Periods of Chinese History
Wang Su 王肅 (195-256), courtesy name Wang Ziyong 王子雍, was a Confucian scholar in the empire of Wei 曹魏 (220-265) during the Three Kingdoms period 三國 (220-280). His school of interpretation is known as the Wang school (Wangxue 王學). His family came from Donghai 東海 (modern Tancheng 郯城, Shandong), but he was born in Guiji 會稽 (in modern Zhejiang province).
His father Wang Lang 王朗 had already been a Confucian scholar and had compiled a comprehensive treatise on the Confucian Classics, the Tongjing 通經. During the time of Emperor Xian 漢獻帝 (r. 189-220) of the Later Han dynasty 後漢 (25-220 CE) he was governor (taishou 太守) of the commandery of Guiji. The local potentate Sun Ce 孫策 called him a "distinguished scholar" (yaru 雅儒). Wang Lang later became a follower of the warlord Cao Cao 曹操. Under Emperor Wen 魏文帝 (r. 220-226) of the Wei dynasty he was appointed Minister of Works (sikong 司空), later Minister of Education (situ 司徒). Wang Lang died in 228 CE. The philosophical work of Wang Lang had a great influence on his son Wang Su.
Wang Su was instructed by Song Zhong 宋衷 in Yang Xiong's 揚雄 book Taixuan 太玄經, a kind of parallel to the Confucian Classic Yijing. He also knew the commentaries of the old- and new-text schools on all Confucian Classics. He esteemed the old-text interpretations of Jia Kui 賈逵 and Ma Rong 馬融 but refused the interpretation of the Classics by the most distinguished Confucian scholar of that time, Zheng Xuan 鄭玄. Wang Su was appointed Cavalier attendant-in-ordinary (sanji changshi 散騎常侍), Director of the Palace Library (bishujian 秘書監) and chancellor of the Institute for the Veneration of Literature (Chongwenguan jijiu 崇文觀祭酒) at the court of Emperor Ming 曹明帝 (r. 226-239). During that time he wrote commentaries to the Shangshu 尚書 "Book of Documents", Shijing 詩經 "Book of Songs", Lunyu 論語 "Confucian Analects", the three ritual classics Sanli 三禮, and the history Zuozhuan 左氏傳, and made his father's book Yizhuan 易傳 ready for publication.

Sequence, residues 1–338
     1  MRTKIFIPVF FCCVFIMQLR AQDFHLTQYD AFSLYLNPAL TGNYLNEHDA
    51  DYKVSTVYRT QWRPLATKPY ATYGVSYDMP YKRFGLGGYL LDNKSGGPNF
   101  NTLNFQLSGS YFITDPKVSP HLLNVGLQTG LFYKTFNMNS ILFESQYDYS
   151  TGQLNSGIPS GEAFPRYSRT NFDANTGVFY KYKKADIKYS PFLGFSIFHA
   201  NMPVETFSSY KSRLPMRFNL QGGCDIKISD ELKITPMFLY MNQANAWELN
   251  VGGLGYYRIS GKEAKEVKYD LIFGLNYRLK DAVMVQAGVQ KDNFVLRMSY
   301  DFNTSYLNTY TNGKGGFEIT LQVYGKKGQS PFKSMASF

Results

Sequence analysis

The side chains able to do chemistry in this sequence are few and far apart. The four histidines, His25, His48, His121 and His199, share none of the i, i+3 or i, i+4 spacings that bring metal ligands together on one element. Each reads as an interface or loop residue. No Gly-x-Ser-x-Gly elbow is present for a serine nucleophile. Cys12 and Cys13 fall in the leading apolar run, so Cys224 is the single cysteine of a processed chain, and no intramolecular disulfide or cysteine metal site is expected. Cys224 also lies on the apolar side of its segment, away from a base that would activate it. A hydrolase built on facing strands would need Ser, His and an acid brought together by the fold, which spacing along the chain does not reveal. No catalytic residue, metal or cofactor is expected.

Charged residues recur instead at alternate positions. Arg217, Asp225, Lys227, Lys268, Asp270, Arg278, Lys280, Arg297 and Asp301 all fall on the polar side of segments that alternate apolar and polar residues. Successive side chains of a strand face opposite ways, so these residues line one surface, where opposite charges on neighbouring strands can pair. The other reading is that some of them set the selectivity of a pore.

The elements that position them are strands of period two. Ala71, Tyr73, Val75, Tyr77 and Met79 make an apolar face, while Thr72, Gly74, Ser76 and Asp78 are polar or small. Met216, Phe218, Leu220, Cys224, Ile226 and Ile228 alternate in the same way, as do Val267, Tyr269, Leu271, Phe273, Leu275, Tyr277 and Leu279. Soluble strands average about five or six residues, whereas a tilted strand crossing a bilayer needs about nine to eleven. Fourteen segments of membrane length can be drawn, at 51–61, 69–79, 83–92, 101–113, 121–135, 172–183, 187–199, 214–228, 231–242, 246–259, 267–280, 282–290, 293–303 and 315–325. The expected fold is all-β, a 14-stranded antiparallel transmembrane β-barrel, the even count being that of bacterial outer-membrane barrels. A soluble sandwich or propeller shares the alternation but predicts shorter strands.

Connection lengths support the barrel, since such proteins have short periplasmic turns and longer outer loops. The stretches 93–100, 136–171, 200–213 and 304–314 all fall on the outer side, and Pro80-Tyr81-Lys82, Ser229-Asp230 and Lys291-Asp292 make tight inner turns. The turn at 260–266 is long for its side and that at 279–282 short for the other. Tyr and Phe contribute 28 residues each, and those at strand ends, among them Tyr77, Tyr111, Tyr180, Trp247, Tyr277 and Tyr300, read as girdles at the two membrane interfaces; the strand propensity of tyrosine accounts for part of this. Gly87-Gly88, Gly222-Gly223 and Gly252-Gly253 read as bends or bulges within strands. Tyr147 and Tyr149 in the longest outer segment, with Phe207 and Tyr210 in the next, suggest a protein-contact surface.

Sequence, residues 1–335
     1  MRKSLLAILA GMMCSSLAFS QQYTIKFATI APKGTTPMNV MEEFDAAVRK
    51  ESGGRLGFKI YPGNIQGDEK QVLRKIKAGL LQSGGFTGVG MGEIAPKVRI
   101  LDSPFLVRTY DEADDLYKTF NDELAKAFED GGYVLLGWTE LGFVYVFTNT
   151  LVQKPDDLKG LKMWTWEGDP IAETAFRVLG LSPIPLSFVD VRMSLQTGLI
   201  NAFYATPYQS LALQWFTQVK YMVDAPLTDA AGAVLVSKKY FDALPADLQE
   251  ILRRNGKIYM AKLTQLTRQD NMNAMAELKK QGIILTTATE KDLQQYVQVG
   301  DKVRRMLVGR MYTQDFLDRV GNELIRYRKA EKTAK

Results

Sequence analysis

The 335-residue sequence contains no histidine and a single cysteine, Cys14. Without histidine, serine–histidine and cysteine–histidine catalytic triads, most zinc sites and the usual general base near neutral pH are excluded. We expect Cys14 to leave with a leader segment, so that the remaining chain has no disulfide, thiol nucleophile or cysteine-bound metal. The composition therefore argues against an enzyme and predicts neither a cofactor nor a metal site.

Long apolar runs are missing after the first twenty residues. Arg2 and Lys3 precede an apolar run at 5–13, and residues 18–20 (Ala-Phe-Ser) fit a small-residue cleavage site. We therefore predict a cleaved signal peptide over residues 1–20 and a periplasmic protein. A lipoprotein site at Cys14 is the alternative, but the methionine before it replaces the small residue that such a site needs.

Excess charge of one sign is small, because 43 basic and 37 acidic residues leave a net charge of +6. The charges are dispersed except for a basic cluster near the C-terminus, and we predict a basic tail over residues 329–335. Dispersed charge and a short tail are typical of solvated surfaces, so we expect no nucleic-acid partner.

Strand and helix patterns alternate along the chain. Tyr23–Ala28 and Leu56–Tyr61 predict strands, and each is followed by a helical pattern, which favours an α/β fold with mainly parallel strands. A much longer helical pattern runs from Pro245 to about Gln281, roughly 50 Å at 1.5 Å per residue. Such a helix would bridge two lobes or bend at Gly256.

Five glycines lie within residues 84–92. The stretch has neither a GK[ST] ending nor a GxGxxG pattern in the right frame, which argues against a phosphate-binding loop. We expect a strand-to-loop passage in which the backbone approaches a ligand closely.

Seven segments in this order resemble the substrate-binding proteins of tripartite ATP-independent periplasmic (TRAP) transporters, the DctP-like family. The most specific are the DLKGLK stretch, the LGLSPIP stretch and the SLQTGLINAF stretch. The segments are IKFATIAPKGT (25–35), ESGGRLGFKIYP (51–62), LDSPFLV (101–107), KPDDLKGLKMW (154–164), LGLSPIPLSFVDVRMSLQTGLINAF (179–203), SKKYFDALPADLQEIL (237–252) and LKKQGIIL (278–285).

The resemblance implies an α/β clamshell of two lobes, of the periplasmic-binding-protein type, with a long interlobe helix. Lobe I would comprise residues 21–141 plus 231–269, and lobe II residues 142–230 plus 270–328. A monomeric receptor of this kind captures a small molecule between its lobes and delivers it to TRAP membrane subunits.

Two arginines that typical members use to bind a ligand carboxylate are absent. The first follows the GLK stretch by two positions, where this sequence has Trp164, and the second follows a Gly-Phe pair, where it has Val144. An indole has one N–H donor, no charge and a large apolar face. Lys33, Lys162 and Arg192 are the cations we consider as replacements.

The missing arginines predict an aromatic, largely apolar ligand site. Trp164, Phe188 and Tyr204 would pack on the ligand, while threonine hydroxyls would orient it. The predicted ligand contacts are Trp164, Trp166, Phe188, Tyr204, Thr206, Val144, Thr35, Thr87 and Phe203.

During the reign of Cao Fang 曹芳 (r. 240-248), the Prince of Qi 齊, Wang Su was involved in the power struggles of the Cao dynasty, especially of Great general (da jiangjun 大將軍) and regent Cao Shuang 曹爽 with the mighty Sima 司馬 family. Wang Su's daughter was married to general Sima Zhao 司馬昭, whose father Sima Yi 司馬懿 finally killed Cao Shuang. As an ally of the Sima family, Wang Su was involved in the government of regent Sima Shi 司馬師, the older brother of Sima Zhao. In 254 he was appointed Chamberlain for ceremonials (taichang 太常) of the nominal emperor Cao Mao 曹髦, the Duke of Gaoguixiang 高貴鄉公. Yet he also supervised the Confucian professors (boshi 博士 "erudites") of the National University (taixue 太學). This position allowed him to promote his own commentaries and interpretations.
As a Confucian scholar Wang Su on the one hand stood in the tradition of Jia Kui, Ma Rong and Zheng Xuan. It was especially the latter who had reconciled the differences between the old-text school and the new-text school and founded the "comprehensive school" (tongxue 通學) that used and merged the ideas of both contending schools. Wang Su also decided that it was not correct to follow either the old-text or the new-text school. On the other hand, he interpreted many contents of the Confucian Classics different than Zheng Xuan had done. An older contemporarian of Wang Su, Yu Fan 虞翻 (164-233) who lived in the empire of Wu 吳 (222-280), stressed that there were important shortcomings and errors in the commentaries of Zheng Xuan to the Shangshu. Wang Su's father Wang Lang had been befriended with Yu Fan and shared his critical view towards Zheng's interpretation. In his reinterpretation of the core text, Wang Su used to instrumentalize the interpretation of the opposite school to challenge Zheng's explanations. If Zheng's commentary derived from an old-text view, Wang contered with a new-text approach, and vice versa. Wang's attacks on Zheng’s commentary were so systematic that they seem to have originated in a categorical enmity and not in scholarly reason. Wang's school was therefore later harshly criticized as not substantial enough for serious consideration.